We know how difficult it may be to yourself or a loved one into a dual-diagnosis program. This is why we are here. Contact us by calling or emailing us for more information. The right help you need is just moments away.

7 Tips for Women in Early Recovery

Starting out on the road of recovery can be filled with challenges.  You’ve taken the most important step when you stopped drinking or using drugs but everything in your life is now new.  You may be seeking out new friends, starting a new job or developing a new daily routine.  All while working hard to prevent having a relapse.  Each one of these situations can produce stress.  Combined together, you have a recipe for anxious moments.  This puts women in early sobriety at greater risk for relapse.  It is estimated that 90 percent of those recovering from substance abuse have a relapse.  While your primary desire may be to stay sober, even the strongest people must develop skills to prevent relapses and deal with stress.  Professionals recommend that you change your social circle and the places you go to.  This makes sense when you consider that if you want to create a new path for yourself, you need to leave the old path behind.  To help you on your journey, we’ve compiled some tips based on scientific research.

Change Your World

When you are embarking on the journey to discover what recovery means to you, you are essentially creating a new world for yourself.  You’re creating new patterns and people in your life.  Developing new friendships and changing where you spend your time will play a large role in preventing relapse and smoothing your transition into a new way of life.  You may find yourself spending more time with your family by planning special outings or evenings together.  For others, developing a structured daily routine helps ease anxiety and helps to avoid situations that could let to a relapse.

Develop Solid Relationships

When you enter recovery, it may seem like a new world.  Having friends who understand the transition you are going through is important.  They can help when you are frightened or uncertain.  Having a friend to call on when you are angry or down will help keep you moving forward.  Participating in a support group surrounds yourself with people who understand the pitfalls that await individuals in early recovery.  In fact, people who have enjoyed recovery for many years will share that they still face challenges.  Anyone who is new in recovery can learn from their coping strategies and apply them in their own lives.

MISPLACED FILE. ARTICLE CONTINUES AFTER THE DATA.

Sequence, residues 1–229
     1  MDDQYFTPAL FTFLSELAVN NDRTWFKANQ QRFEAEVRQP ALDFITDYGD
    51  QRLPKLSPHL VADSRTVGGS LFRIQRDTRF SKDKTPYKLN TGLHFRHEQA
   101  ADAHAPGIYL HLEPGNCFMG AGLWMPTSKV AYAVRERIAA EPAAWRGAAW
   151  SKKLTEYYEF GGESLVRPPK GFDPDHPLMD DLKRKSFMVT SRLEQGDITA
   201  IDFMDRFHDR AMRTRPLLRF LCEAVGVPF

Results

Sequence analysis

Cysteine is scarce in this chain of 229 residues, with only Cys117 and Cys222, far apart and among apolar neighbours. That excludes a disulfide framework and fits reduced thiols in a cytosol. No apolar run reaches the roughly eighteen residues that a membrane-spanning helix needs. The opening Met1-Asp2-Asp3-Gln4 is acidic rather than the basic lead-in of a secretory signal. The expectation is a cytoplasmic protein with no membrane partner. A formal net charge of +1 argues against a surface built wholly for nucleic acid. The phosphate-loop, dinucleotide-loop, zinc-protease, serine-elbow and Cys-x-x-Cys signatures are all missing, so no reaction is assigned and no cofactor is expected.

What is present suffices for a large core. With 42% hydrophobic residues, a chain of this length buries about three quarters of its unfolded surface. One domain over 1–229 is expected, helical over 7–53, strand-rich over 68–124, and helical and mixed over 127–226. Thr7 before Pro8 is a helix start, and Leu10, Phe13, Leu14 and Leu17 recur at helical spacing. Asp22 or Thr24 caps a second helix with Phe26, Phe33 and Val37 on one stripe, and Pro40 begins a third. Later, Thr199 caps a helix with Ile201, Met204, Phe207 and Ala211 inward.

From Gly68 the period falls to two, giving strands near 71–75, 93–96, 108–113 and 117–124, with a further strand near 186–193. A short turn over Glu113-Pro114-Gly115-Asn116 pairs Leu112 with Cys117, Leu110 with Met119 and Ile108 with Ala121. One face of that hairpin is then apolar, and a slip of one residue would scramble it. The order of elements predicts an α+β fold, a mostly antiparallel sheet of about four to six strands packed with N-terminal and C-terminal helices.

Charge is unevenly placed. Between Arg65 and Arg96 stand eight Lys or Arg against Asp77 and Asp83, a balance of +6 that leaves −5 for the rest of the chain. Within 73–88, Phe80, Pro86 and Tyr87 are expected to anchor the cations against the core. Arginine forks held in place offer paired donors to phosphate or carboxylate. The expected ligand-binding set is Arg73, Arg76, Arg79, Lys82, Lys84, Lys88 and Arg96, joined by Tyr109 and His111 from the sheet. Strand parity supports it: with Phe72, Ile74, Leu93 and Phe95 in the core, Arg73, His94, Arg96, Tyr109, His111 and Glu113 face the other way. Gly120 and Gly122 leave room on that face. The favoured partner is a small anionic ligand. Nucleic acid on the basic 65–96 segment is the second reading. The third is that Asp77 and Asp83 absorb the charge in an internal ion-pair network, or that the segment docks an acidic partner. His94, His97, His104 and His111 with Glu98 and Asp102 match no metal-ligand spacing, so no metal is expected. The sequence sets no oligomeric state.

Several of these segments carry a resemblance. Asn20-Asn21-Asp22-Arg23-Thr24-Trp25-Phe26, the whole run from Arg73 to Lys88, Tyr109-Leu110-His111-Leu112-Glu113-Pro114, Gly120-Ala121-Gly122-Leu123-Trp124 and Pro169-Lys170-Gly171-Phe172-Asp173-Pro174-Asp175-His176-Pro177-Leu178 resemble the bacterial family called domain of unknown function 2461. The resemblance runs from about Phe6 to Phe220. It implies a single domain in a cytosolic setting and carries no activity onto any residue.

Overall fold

Start Moving

Periods, often years, of using can take a toll on your body.  Incorporating regular exercise into your daily regime will pay off by improving your health and your emotions.  Exercise is well documented to relieve stress and balance mood.    This supports your desire to constantly improve yourself while preventing triggers that lead to relapse.

Prioritize Self Care

Caring for ourselves is not a priority for women.  We are raised to nurture others but often don’t nurture ourselves.  Things like a luxurious bath or a long walk are generally not things we think about in a fast-paced world.  They are, however, exactly the things that will keep you sane as you move through recovery, process raw emotions and figure out your future.  Taking care of yourself can relieve stress and anxiety.  You can also use these moments to just ‘check in with yourself’ and see how you are doing.  Small quiet moments doing things that nurture yourself keeps you in touch with your emotions and makes you aware of any triggers lurking to take you off the right path.  Spend some time with self-care because no one else will.

Write it Out

While, at times, you may feel shame or guilt over your past actions, if you allow them to, those emotions will hinder your recovery.  One way to progress and work through the emotions that are crowding you is to search for ways to manage swirling thoughts.  Professionals recommend writing about your feelings.  Getting them on paper gets them out of your head and lets you process.

New Work

When you leave female addiction treatment, you’ve already begun recovery.  To maintain your new outlook, get a job.  Many people leaving treatment will either be unemployed or underemployed.  This is a good time to look for a new job.  Not only will you have a method of income, but you’ll also meet new people and discover new skills.  Take care of yourself, though, as stress related to a new job can trigger a relapse.

Make Honesty a Priority

As you journey along the path of recovery, prioritizing honesty with yourself and others helps everyone.  By sharing your story with others in your support group, you’re sharing the common struggles that you all have.

These are just a few ideas to keep you going in early recovery.  You’ll find some strategies work better than others to prevent triggers and keep you sane.  The important thing is to keep working at it.  You’re worth it!

Call us today to continue on the strong path of recovery. We pride ourselves in always being able to help.